A Shopping District Fades Away Last Markdown At Bonwit Teller

Posted: April 12, 1990

Bright orange signs screaming "Going Out Of Business" and "All Sales Final" greeted the more than 200 shoppers waiting Saturday to get into the Bonwit Teller department store in Jenkintown for its final sale.

How long the store's doors stay open will depend on how long the merchandise holds out, store officials say.

"I hate to see this happen," said Eloise Reinhard of Elkins Park. "It's sickening."

While Reinhard and others were concerned with where they would do their shopping, others were concerned about the diminishing economic vitality of the Jenkintown-Abington shopping district.

That area was once the premier shopping district in the region, known to some industry analysts as the Golden 2 1/2 miles. It stretched from what was formerly Lord & Taylor, just south of Jenkintown, to Sears, Roebuck & Co. in Abington.

But the opening of the Willow Grove Park mall in 1982 marked the beginning of the end of that area's popularity. Bloomingdale's immediately closed down its Old York Road operation and moved into the new mall.

In 1987, Sears made a similar move. Strawbridge & Clothier closed its Old York Road site soon after that and reopened in the mall in 1988. Lord & Taylor

closed its doors in April 1989, leaving its Main Line store on City Avenue in Bala Cynwyd as its only Philadelphia area outlet.

The closing of Bonwit Teller leaves John Wanamaker as the area's only link to the pre-mall era of the large independent store.

Bonwit Teller's parent company, L.J. Hooker, has been under Chapter 11 bankruptcy protection since August, when its Australian parent company entered provisional liquidation, an Australian legal proceeding similar to bankruptcy.

Even in the wake of these far-removed circumstances, the Jenkintown Chamber of Commerce is attempting to apply local remedies.

"It is a question of economics these days. Independent department stores can't make it outside of a mall," said Darrell Painter, executive director of the Jenkintown Chamber of Commerce.

The chamber hopes to start service soon on a trolley that would carry shoppers from Wanamakers to the Benjamin Fox Pavilion, where a host of smaller stores, including a flower shop, a bridal shop, two restaurants, a fur salon, a card store and a Weight Watchers diet center, are. That trolley also would connect with some of the local train stations.

Trolleys may carry future shoppers in the area, but now there is no one who will carry the weight of the mercantile tax revenues lost when Bonwit Teller finally leaves.

Businesses in the area pay a 1.5 mill mercantile tax. Abington gets $1.50 for every $1,000 of gross sales. Abington officials would not say how much Bonwit Teller paid last year because the amount of mercantile and business privilege tax revenues is confidential information and not open to public record in Pennsylvania.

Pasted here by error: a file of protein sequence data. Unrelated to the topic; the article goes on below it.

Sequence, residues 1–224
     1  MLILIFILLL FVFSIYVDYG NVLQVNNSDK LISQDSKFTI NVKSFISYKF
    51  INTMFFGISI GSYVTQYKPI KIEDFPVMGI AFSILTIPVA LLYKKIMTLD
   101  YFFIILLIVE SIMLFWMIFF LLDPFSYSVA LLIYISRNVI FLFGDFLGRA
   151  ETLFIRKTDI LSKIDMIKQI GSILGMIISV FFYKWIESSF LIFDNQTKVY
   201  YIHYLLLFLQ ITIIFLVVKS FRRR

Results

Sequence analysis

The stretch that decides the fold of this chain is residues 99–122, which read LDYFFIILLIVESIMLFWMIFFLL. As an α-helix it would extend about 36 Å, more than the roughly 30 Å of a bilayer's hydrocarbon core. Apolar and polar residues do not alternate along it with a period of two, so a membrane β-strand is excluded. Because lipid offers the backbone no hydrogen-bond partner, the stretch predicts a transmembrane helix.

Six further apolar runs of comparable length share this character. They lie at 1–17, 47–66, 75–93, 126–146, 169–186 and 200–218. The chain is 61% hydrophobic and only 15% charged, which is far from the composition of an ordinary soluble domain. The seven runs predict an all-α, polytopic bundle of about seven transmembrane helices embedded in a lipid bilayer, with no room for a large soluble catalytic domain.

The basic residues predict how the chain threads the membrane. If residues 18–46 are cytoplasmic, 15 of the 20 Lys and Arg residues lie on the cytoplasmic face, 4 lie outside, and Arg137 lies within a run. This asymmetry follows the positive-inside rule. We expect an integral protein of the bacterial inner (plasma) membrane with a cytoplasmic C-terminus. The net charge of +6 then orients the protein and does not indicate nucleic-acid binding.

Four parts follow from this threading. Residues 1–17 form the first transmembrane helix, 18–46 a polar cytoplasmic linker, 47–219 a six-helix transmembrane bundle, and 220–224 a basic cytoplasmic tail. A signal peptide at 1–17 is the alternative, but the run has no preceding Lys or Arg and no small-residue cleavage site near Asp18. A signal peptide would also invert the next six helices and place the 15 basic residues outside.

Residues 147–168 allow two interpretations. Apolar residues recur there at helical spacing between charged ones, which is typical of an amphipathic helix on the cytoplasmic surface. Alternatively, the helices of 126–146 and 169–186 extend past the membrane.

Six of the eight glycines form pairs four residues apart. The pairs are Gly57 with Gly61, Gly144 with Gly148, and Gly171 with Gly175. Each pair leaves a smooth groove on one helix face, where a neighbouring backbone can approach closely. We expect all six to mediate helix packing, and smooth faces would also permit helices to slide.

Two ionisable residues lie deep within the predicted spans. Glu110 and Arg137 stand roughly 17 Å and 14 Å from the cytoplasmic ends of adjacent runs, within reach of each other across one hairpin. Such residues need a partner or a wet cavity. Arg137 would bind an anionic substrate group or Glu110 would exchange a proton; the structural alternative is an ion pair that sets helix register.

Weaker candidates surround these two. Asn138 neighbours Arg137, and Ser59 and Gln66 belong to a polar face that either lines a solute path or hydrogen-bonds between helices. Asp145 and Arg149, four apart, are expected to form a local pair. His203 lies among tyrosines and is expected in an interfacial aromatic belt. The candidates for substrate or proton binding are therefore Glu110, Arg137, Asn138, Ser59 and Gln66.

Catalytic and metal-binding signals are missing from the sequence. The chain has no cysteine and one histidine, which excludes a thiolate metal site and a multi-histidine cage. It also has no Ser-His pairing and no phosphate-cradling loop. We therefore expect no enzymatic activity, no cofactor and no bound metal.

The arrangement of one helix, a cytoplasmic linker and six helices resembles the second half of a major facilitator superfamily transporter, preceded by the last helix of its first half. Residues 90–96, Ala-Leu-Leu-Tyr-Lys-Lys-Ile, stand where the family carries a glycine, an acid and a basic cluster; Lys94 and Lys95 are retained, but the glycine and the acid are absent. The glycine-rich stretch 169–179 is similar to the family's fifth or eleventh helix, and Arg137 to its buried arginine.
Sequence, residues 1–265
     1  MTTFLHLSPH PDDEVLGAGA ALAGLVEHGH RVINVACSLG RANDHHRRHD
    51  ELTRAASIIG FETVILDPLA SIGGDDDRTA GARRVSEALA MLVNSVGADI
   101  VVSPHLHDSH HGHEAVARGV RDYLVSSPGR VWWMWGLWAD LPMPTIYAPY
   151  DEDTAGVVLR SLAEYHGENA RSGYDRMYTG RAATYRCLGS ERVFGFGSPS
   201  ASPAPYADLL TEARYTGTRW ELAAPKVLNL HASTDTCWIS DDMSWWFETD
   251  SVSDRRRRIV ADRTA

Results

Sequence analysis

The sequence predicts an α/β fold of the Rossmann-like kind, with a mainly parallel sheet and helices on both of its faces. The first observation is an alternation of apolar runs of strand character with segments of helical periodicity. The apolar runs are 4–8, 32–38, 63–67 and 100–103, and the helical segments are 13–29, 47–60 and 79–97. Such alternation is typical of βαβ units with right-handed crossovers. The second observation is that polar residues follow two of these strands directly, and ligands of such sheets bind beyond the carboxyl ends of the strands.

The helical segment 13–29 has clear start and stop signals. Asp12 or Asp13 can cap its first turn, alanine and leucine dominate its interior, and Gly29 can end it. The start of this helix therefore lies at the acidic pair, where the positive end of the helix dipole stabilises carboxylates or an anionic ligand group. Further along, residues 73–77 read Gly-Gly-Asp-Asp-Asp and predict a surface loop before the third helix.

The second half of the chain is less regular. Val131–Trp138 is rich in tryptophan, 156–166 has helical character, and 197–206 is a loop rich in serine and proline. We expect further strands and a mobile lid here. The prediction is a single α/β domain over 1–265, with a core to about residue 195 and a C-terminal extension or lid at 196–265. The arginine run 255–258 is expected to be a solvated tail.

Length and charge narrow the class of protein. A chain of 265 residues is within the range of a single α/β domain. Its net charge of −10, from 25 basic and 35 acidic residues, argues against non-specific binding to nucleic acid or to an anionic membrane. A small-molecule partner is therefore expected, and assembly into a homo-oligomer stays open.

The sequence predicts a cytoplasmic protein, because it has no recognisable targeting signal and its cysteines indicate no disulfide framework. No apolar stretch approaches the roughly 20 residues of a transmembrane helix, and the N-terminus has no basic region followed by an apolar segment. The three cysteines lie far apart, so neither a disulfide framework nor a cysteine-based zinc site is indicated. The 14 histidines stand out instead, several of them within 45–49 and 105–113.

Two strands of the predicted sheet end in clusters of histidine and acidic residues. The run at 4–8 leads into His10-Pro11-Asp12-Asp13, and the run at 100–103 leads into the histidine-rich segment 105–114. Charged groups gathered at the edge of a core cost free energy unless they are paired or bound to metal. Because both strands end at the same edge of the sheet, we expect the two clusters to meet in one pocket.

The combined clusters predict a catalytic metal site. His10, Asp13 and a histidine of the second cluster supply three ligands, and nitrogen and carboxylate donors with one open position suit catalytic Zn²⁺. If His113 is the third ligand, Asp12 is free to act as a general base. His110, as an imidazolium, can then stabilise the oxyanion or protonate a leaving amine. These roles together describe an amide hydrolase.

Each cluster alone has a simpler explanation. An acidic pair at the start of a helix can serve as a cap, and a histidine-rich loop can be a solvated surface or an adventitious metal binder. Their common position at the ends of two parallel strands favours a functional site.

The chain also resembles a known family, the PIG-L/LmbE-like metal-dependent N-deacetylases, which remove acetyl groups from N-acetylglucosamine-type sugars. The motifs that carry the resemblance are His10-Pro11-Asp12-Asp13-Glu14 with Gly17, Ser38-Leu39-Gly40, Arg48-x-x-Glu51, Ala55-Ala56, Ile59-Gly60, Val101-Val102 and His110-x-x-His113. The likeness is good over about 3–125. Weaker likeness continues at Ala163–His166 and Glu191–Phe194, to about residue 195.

"That results in an income for a community and a school district. When anything like that closes all of a sudden the expected money is lost. . . . That is an alarming thing," said Dwight A. Dundore, director of the Montgomery County Department of Commerce and Economic Development.

There will be no loss of property tax revenue by the closing because Bonwit Teller rents, rather than owns, the property. Fox Management Corp. owns the land.

Bob Rosenthal, vice president of Foxcroft, said that negotiations to fill the approximately 50,000-square-foot space were under way with an upscale women's clothing store. He would not disclose the name of the prospective tenant.

The loss of Bonwit Teller will hurt the image of the area, Dundore said.

"When you have stores like that that close, the whole area starts to decay. The first thing you know some vandalizing may occur. The property becomes unattractive. Some of the stores in that area had some beautiful buildings. It can have a deteriorating effect on a community," Dundore said.

While the future of the site was unclear, Saturday's shoppers were certain of their mission - bargain hunting.

Women sporting mink and raccoon coats, alongside others in plastic rain hats and cardigans, rifled through racks of casual wear. All of the merchandise was reduced 20 percent, but that wasn't enough for some people.

"Twenty percent? You can get that anywhere," whispered one woman to her husband as they looked at lingerie. "When they mark down 50 to 75 percent, then I'll buy something."

Because previous markdowns had already been taken, there were some bargains to be found. A black silk gown originally priced at $750 went for $120, and lizard-skin belts were marked down from $225 to $135. Devotees of the popular Bontell Deluxe stockings were buying them by the dozen. Lines up to 20 people long stretched from every dressing room door and cash register.

A black-haired mannequin was posed near the cosmetics case. All she wore was a pair of pantyhose with runs that were pulled half-way up her thighs. Other nude mannequins stood in a group beneath a mirror that reflected a room of abandoned fixtures. Shoppers stopping to gawk wondered aloud at the price of the mirror and the chairs.

Several shoppers said they would start traveling to New York City to buy their clothes. All regretted the loss of Bonwit Teller.

"It's so sad," said Sandy Ramsue of Philadelphia. "I love this store. I'm going to miss it."

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